The National Association of Home Builders (NAHB) today told the US Congress how its members have been in the forefront during the past decade in promoting and developing energy-efficient and environmentally-friendly construction techniques for the mainstream home builder.
“More than 100,000 homes have been built and certified by voluntary, builder-supported green building programs around the country since the mid-1990s,” Bob Jones, vice president and secretary of NAHB and a home builder from Bloomfield Hills, Mich., said in testimony before the House Small Business Committee. “The green movement in residential construction derives much of its strength from its voluntary nature, which provides builders and developers the flexibility that is essential for incorporating the principles of sustainable design.”
NAHB members, the majority of whom are small business owners, currently build about 80 percent of all new homes in the U.S.
“By the end of this year, more than half of our members will be incorporating green practices into the development, design and construction of these new units,” said Jones. “While media interest in climate change and global warming is a relatively recent occurrence, NAHB has been consistently ahead of the curve in working to develop affordable, energy-efficient and environmentally construction techniques. In 2008, we will be hosting our 10th annual National Green Building Conference in New Orleans.”
NAHB is also collaborating with the International Code Council to bring uniformity to sustainable building by developing the first and only national consensus-based residential green building standard that will be certified and accredited by the American National Standards Institute and based on the two-year-old NAHB Model Green Home Building Guidelines, Jones said.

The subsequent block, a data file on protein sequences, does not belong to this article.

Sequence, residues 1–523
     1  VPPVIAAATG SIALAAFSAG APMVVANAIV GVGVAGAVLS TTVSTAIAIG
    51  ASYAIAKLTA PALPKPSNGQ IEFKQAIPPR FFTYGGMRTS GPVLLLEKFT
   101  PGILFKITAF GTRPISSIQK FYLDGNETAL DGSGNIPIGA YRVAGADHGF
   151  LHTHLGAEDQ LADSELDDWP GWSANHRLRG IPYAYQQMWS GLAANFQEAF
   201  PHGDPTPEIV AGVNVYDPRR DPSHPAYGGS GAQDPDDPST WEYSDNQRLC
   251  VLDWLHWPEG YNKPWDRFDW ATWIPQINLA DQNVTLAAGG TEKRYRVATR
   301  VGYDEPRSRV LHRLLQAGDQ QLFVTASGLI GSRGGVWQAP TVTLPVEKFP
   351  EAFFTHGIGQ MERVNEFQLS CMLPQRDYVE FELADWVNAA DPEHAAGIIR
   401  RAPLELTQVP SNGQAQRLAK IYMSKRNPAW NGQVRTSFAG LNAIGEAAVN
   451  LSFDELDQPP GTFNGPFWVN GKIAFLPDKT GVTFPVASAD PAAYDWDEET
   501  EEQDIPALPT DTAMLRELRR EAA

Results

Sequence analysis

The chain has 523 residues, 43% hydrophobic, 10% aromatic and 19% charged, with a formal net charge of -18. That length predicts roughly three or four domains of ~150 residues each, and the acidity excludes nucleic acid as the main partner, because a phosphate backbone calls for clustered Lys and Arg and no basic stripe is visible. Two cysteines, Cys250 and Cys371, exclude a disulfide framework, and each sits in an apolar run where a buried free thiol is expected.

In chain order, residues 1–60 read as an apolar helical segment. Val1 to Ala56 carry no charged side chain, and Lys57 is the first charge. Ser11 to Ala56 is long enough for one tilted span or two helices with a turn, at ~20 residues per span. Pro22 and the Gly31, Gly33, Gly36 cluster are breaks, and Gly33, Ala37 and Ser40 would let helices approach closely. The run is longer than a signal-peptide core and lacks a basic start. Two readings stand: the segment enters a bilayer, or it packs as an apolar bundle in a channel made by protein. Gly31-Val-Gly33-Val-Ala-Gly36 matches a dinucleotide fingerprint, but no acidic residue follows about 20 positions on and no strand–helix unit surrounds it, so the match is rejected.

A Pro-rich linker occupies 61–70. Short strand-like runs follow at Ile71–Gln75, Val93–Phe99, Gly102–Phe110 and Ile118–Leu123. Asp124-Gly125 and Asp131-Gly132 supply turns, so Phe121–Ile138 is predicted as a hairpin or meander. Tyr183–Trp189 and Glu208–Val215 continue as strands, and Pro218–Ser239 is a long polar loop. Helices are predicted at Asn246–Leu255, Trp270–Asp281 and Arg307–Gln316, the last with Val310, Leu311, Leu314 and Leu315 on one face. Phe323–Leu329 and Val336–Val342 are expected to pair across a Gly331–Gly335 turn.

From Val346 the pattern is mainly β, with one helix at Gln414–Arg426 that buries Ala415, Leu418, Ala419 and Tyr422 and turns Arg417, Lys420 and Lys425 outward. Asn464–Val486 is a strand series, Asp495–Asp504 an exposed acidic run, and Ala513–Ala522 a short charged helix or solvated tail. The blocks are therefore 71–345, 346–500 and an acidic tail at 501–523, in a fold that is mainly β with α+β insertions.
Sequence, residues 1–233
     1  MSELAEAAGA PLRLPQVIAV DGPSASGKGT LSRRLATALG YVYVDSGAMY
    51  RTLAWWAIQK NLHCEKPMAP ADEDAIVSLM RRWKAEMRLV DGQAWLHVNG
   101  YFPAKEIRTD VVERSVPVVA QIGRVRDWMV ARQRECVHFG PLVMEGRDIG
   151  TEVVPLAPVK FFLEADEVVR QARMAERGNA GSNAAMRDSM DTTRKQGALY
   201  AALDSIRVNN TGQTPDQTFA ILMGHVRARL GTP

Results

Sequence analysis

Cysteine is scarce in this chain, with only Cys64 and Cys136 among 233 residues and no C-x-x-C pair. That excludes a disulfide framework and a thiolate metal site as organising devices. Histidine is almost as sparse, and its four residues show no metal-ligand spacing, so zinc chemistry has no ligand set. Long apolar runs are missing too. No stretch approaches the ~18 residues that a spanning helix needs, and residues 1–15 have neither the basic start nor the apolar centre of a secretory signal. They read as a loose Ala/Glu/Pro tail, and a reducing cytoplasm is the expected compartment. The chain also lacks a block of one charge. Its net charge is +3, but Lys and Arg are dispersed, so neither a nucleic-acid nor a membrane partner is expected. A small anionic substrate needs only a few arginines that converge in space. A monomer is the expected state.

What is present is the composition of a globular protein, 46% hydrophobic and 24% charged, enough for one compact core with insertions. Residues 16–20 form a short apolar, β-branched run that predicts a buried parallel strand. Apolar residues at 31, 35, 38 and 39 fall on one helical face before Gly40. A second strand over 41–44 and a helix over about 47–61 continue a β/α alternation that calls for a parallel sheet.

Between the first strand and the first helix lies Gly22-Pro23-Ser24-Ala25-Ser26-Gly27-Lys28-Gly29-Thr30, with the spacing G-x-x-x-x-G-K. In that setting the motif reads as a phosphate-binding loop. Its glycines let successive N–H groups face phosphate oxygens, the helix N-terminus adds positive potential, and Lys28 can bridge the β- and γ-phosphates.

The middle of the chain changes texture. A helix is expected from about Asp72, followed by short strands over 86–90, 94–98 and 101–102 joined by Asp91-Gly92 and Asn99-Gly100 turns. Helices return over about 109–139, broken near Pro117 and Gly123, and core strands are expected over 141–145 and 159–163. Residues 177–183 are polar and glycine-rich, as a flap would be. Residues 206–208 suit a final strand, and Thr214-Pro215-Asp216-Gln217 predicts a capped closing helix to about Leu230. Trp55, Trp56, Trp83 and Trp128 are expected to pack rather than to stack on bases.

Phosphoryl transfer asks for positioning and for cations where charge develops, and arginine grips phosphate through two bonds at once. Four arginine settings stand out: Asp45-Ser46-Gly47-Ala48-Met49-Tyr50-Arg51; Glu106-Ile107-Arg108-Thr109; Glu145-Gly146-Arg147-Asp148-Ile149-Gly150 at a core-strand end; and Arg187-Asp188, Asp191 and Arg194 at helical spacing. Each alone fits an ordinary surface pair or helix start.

Encompassing single and multifamily construction, remodeling and land development, the National Green Building Standard is expected to be completed in early 2008.
“Ultimately the goal is to develop a standard that is flexible enough to adjust to the various resource and energy concerns in the varying climate zones around the country, while at the same time encourage innovation in green technology that is already dramatically shifting the market,” he said.
Jones pointed out the advantages of NAHB’s guidelines, unveiled in January 2005 and derived from a consensus of more than 60 industry stakeholders, including environmentalists, building product manufacturers, architects and research consortia. There are now 24 local green building programs based on the guidelines and more than 100 are in development.
“The guidelines allow builders to make decisions that positively impact energy efficiency, resource conservation and indoor environmental quality throughout the entire design and construction process,” he said, noting that NAHB has no financial stake in the success of its green building guidelines. “Green means doing the right thing for the builder, the home owner and most importantly, the environment.”
The US Congress can foster private sector innovation in green construction for the millions of homes that are waiting to be built, Jones said, by keeping the market free of mandates, striving towards the greatest energy- and resource-efficient buildings available, allocating funds for providing education and training in green construction on a broader scale, and extending and expanding federal tax credits that passed as part of the Energy Policy Act of 2005.
Federal tax credits encourage the construction of new energy efficient homes, promote the use of energy-saving home improvements for existing homes and spur new innovation that will result in even greater energy savings in the residential built environment, he said.